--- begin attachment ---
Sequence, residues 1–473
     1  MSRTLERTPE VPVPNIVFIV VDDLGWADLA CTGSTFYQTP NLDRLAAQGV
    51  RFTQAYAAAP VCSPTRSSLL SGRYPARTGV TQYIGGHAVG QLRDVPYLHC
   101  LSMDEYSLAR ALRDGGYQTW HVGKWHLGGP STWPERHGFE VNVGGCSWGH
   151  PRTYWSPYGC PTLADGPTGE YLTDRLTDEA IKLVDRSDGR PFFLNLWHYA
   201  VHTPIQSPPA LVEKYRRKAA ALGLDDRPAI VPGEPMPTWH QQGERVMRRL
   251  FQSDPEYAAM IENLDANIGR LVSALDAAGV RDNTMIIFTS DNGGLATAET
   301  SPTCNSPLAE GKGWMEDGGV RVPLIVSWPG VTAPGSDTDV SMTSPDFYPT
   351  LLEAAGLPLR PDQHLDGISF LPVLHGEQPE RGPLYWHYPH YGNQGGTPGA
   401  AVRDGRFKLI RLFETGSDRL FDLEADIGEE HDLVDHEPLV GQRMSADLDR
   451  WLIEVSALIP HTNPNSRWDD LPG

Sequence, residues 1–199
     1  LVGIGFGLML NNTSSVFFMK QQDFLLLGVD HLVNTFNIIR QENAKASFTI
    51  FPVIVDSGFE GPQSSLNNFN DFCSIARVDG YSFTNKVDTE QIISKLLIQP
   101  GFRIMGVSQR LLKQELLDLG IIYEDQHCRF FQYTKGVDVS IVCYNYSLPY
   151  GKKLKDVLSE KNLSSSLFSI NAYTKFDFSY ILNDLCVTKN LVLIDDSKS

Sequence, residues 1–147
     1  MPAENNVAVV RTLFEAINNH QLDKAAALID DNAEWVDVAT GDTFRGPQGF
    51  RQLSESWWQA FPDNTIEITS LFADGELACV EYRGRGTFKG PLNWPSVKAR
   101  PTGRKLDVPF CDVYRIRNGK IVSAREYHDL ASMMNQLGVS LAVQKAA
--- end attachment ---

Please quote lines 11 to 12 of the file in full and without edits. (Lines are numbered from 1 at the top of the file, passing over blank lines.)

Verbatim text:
   451  WLIEVSALIP HTNPNSRWDD LPG

Sequence, residues 1–199